Washingtonians love to complain about taxation without representation. But for me and my fellow noncitizens, it is a fact of political life that we submit to unquestioningly year after year, primary after primary, presidential election after presidential election. Nearly 15 million people living legally in the United States, most of whom contribute as much as any natural-born American to this country’s civic, cultural and economic life, don’t have a say in matters of politics and policy because we — resident foreign nationals, or “aliens” as we are sometimes called — cannot vote.
Considering the Supreme Court’s recent decision undermining voting rights, and Republicans’ efforts to suppress, redistrict and manipulate their way to electoral security, it’s time for Democrats to radically expand the electorate. Proposing federal legislation to give millions of young people and essential workers a clear road to citizenship is a good start. But there’s another measure that lawmakers both in Washington and state capitals should put in place: lifting voting restrictions on legal residents who aren’t citizens — people with green cards, people here on work visas, and those who arrived in the country as children and are still waiting for permanent papers.
Expanding the franchise in this way would give American democracy new life, restore immigrants’ trust in government and send a powerful message of inclusion to the rest of the world.
It’s easy to assume that restricting the franchise to citizens is an age-old, nonnegotiable fact. But it’s actually a relatively recent convention and a political choice. Early in the United States’ history, voting was a function not of national citizenship but of gender, race and class. As a result, white male landowners of all nationalities were encouraged to play an active role in shaping American democracy, while women and poor, Indigenous and enslaved people could not. That wholesale discrimination is unquestionably worse than excluding resident foreigners from the polls, but the point is that history shows how readily voting laws can be altered — and that restrictive ones tend not to age well.
Another misconception is that citizen voting rights have always been the prerogative of the federal government. In fact, states have largely decided who had a say in local, state and national elections. Arkansas was the last state to eliminate noncitizen voting in 1926, and it wasn’t until 1996 that Congress doubled down with the Illegal Immigration Reform and Immigrant Responsibility Act, which made voting in federal elections while foreign — already not permitted because of state-level rules — a criminal, and deportable, offense. (This means that congressional Democrats working on immigration and election reform can reverse the 1996 sanctions the same way they voted them in.)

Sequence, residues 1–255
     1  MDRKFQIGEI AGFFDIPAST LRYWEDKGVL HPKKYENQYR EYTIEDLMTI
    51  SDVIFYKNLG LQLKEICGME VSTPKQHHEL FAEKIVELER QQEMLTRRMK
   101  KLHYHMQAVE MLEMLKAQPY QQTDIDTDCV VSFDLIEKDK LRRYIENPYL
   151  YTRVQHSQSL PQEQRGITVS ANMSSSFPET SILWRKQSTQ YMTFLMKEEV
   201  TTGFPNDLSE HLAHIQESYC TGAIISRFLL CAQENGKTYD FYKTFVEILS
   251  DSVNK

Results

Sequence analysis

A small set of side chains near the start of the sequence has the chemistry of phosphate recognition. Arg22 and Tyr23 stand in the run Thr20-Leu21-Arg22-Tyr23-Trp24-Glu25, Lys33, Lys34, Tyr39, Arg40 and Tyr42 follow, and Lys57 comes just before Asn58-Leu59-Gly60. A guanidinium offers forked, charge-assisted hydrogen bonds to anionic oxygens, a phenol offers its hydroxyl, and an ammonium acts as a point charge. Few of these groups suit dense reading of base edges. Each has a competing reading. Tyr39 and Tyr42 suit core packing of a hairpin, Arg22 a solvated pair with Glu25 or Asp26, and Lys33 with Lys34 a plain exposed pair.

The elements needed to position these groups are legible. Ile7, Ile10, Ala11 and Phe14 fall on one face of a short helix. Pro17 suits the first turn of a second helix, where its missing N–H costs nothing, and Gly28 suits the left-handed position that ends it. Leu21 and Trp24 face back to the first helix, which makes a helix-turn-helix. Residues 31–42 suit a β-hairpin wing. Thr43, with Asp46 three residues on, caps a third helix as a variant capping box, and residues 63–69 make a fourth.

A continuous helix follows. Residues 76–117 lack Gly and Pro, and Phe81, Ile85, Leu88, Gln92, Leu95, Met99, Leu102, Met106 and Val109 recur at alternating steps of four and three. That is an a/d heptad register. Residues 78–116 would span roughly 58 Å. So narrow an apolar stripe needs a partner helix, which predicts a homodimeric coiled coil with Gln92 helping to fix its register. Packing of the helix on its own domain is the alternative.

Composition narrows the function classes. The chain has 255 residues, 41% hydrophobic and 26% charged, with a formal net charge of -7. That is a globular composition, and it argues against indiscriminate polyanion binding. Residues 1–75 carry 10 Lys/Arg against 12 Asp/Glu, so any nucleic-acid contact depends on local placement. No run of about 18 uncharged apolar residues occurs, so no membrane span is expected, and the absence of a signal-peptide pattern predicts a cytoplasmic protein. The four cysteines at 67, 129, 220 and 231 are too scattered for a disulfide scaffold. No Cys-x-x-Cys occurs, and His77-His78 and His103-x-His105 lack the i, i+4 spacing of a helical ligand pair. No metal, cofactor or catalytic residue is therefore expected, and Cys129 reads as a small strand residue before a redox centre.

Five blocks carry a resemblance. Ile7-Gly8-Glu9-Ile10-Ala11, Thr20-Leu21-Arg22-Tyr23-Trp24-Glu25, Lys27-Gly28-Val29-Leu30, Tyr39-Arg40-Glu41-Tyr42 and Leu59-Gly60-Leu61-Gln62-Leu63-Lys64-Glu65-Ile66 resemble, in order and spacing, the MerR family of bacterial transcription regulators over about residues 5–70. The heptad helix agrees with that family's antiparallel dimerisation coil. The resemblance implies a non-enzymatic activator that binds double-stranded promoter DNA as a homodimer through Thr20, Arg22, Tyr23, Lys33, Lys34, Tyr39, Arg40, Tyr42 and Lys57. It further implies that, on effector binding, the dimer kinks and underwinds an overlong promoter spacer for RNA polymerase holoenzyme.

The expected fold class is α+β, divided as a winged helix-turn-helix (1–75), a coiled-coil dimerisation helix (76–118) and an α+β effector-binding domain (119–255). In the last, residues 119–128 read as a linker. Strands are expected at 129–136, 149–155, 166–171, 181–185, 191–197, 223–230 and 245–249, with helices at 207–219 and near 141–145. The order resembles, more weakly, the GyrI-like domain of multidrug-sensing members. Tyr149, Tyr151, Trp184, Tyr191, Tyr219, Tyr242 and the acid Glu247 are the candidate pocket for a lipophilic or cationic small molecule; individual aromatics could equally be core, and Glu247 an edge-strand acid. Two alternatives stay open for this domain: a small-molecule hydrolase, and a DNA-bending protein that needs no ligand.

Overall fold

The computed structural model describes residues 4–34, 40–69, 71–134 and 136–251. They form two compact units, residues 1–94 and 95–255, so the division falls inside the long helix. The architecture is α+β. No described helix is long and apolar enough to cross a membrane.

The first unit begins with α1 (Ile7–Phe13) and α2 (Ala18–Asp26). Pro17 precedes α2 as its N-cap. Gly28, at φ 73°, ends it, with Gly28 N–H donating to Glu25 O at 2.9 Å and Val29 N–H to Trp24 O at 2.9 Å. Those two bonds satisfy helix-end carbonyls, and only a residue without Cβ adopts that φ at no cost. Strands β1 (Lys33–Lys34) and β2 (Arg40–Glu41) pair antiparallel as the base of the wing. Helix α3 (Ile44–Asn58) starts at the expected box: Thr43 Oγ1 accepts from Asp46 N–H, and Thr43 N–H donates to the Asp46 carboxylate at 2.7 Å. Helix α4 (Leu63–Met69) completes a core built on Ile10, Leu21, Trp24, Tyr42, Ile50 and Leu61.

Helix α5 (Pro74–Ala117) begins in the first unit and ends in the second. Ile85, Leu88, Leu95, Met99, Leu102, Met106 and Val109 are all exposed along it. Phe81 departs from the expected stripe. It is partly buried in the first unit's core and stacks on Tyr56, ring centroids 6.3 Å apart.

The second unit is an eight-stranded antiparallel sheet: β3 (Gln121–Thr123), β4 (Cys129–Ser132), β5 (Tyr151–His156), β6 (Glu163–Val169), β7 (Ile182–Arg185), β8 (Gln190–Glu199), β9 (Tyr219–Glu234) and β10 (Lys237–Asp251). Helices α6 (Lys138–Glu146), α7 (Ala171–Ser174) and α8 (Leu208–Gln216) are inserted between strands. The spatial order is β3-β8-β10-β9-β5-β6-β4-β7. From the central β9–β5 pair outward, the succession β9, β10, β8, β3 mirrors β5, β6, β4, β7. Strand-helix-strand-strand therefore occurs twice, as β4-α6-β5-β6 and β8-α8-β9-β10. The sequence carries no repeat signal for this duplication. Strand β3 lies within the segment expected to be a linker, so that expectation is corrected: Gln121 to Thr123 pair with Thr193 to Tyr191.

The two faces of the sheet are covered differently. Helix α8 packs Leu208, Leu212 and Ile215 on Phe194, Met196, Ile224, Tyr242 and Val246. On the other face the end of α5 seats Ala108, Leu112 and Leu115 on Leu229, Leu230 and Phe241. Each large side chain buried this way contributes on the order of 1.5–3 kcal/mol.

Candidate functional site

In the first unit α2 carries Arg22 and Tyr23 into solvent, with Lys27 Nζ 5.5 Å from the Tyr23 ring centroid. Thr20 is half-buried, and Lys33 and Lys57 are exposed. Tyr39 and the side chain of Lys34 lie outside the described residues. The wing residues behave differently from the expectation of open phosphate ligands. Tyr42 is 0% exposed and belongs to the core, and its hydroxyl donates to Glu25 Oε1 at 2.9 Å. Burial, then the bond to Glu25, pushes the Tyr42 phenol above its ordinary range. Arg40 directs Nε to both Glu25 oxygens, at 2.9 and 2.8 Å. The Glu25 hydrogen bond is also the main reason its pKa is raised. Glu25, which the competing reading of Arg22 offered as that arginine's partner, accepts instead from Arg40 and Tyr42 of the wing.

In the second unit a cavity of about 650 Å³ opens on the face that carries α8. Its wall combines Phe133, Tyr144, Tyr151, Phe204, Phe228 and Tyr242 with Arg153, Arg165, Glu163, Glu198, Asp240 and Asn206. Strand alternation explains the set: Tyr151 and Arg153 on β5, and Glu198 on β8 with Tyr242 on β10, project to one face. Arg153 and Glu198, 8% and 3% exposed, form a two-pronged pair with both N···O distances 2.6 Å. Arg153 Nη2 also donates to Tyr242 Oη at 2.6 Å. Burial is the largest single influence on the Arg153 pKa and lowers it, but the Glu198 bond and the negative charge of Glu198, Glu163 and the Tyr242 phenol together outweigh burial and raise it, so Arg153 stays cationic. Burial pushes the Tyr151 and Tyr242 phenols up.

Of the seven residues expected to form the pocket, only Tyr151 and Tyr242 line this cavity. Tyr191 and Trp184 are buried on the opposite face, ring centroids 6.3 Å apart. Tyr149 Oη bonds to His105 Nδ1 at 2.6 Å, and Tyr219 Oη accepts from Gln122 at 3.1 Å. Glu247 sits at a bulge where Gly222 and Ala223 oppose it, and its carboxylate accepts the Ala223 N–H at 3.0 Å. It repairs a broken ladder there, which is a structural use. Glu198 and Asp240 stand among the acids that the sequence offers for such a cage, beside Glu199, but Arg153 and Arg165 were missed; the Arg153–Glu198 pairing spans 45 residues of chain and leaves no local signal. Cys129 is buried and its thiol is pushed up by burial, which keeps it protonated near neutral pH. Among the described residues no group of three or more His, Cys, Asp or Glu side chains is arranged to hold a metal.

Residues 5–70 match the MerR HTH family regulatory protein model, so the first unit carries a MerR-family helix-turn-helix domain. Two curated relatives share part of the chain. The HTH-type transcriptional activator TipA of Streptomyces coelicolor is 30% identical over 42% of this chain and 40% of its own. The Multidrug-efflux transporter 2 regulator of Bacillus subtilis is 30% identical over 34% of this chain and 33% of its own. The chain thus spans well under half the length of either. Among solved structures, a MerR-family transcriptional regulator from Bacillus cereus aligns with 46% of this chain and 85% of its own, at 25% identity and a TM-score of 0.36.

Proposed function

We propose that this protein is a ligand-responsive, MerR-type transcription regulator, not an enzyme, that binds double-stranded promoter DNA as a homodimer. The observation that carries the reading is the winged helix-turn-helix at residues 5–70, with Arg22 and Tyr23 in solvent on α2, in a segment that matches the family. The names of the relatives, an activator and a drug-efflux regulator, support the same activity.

One point I’ve frequently made over the years is that there is very little about the revival of socialism in this nation that is truly radical. Almost all of it is just left-leaning New Deal liberalism, with many policies that even 70s liberals such as Ed Muskie and Ted Kennedy could easily get behind. The one genuinely radical idea becoming mainstream on the left is police abolition. Non-citizen voting is exactly the kind of genuinely radical idea we should get behind. First, it makes sense, at least if you’ve lived in the nation for, say, 3 years or something. Obviously you don’t want people flying in just to vote, but there are millions of people living here and paying taxes without a say in their government. Second, the really important thing to note is that this was actually legal in many states for significant portions of American history, even if not in the last century. Originialism baby!
And I am quite serious here. This is not only a great idea, but a necessary one. Liberals have to stop apologizing for immigration. Openly embrace it. It’s not as if Fox News isn’t going to accuse any Democrat of letting in all the Mexican Taliban terrorists anyway. Non-citizen voting is the right thing to do.